Beyond Juggling: Alternating -
Having it all but not all at once

by Kurt Sandholtz, Brooklyn Derr, Kathy Buckner, Dawn Carlson

In the second part of this series, learn how " can be used as an effective technique to cope with an overburdened work and home life.

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Menu of Excerpts:

Overview

Alternating: Having It All But Not All at Once

Bundling: Getting More Mileage from Fewer Activities

Outsourcing: Having It All, But Not Doing It All

Simplifying: Not Wanting It All

Techflexing: Using Technology as Your Servant, Not Your Master

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According to Max Bridger, he leads a charmed life. A drilling foreman for a big oil company, Max works 28 days on a rig in Egypt and then flies home to Louisiana for 28 days. “This on-and-off schedule drives some guys crazy,” Max says, “but it suits me. While I’m on the rig, I’m busy and focused. When I fly home, I leave work a world away. My wife loves that I’m at her disposal for almost a month at a time. And it’s great to have the golf course or fishing hole to myself on weekday afternoons.”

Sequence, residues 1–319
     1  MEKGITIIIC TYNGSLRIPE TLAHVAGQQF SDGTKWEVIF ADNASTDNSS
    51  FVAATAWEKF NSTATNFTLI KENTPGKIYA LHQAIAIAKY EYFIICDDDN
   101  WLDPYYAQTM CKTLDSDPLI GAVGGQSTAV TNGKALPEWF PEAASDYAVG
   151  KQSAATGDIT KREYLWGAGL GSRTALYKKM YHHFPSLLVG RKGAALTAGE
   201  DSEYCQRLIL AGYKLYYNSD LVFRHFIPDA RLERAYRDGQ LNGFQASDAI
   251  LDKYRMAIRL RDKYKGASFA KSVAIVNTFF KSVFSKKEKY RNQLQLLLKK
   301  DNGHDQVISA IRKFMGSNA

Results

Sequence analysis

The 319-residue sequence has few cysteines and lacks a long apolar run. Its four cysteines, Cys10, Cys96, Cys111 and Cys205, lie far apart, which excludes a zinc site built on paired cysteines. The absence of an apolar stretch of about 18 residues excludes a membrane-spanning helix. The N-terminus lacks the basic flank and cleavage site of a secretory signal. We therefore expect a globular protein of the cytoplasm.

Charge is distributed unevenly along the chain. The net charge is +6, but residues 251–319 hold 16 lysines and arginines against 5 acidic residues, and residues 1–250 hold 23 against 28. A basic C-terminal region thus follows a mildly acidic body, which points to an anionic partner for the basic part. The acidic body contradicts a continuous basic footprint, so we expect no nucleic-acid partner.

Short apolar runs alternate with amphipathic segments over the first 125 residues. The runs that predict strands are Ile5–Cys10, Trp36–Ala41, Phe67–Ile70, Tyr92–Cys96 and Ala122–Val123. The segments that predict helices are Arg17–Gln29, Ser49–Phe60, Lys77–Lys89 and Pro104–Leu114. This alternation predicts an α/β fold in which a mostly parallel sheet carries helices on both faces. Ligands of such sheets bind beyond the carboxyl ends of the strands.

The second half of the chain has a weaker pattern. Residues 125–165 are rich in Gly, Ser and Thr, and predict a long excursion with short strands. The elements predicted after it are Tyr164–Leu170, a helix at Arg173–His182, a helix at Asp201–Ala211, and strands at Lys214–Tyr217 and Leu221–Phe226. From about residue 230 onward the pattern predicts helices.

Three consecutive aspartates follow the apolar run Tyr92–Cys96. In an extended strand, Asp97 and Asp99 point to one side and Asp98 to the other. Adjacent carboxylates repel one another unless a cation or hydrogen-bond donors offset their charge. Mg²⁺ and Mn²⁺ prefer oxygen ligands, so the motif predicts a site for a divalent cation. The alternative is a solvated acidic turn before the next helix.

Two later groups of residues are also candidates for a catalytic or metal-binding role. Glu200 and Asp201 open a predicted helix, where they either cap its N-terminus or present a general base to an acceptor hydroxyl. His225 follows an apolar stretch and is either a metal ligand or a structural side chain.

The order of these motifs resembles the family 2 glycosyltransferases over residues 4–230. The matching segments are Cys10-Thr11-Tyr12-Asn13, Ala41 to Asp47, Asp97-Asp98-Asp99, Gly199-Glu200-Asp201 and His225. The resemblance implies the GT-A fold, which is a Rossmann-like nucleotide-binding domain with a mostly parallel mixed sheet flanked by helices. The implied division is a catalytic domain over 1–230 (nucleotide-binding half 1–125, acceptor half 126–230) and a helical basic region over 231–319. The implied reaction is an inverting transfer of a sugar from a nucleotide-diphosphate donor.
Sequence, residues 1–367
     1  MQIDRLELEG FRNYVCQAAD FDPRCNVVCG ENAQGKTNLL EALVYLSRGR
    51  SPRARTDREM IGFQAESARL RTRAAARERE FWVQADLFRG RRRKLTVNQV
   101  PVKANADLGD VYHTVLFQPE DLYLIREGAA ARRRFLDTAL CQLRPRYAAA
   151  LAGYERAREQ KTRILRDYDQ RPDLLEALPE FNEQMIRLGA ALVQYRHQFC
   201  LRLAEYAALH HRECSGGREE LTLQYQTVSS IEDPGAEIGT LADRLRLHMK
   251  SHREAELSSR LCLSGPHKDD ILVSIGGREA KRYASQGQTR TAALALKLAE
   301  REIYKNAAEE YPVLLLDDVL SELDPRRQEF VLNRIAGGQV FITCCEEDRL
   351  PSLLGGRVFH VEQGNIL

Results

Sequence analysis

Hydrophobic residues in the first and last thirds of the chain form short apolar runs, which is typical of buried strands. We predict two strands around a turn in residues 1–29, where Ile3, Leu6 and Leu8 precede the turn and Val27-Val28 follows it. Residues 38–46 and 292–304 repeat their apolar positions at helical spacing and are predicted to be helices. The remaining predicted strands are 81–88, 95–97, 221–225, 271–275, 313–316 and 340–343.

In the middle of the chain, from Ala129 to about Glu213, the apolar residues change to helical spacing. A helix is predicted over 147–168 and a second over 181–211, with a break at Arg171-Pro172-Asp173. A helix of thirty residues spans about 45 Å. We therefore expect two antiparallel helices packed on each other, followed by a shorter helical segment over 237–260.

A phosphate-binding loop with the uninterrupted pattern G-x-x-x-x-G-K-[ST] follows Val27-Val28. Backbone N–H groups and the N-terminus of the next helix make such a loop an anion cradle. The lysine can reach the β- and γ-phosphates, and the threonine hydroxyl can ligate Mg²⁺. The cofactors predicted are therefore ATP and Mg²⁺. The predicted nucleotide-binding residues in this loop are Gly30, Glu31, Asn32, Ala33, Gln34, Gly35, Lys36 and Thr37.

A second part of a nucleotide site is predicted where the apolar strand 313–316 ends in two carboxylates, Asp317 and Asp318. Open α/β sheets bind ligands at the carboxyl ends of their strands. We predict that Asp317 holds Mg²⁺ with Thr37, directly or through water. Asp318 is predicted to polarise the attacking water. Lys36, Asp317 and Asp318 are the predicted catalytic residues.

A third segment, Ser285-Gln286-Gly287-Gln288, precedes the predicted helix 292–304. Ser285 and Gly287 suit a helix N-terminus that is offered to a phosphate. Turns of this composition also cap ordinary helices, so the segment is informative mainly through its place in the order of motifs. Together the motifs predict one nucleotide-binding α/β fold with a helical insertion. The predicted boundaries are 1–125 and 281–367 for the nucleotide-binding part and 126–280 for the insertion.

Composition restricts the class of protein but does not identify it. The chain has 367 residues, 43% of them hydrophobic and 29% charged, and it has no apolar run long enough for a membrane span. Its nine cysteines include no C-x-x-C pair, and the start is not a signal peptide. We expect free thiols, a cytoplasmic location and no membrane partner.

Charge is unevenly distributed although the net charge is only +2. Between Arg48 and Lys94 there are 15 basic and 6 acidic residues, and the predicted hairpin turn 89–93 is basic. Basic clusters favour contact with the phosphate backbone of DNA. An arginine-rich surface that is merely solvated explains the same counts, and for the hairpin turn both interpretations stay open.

While as many as 40% of the workers we studied say that balance is their primary career priority, few of them take regular midweek fishing trips. We found that most people try to balance by juggling—simultaneously pursuing all of the activities that make a life. They cope by running faster, working harder, and cramming more into their lives. This makes for a rich and multifaceted existence, but it’s also exhausting—often leading to burnout, poor health, guilt, and frustration.

Our research identified people who found more sustainable ways of coping. Max uses one of those approaches, which we call “alternating.” Alternaters trade intense periods of work with breaks to recharge. Within some professions, such as oil drilling, tax accounting, or teaching, alternating is built in. Yet we also found people who occasionally back off from work even if they don’t have automatic breaks. A few manage their finances carefully and quit working altogether every few years. Others use their experience and credibility to buy free time. Bob Harper, a Cleveland-based insurance executive, negotiated a four-day workweek after the wake-up call of a heart attack. “I used to be available 24/7,” he says, “but now my weekends are sacred. I’m fully present Monday through Thursday, but I don’t even think about work during my three days off.” Others alternate by varying the intensity of projects or assignments at work. “I can still be a high performer even if I sometimes take on a project that’s relatively easy,” says Mark Hammond, an Indianapolis-based human resources manager.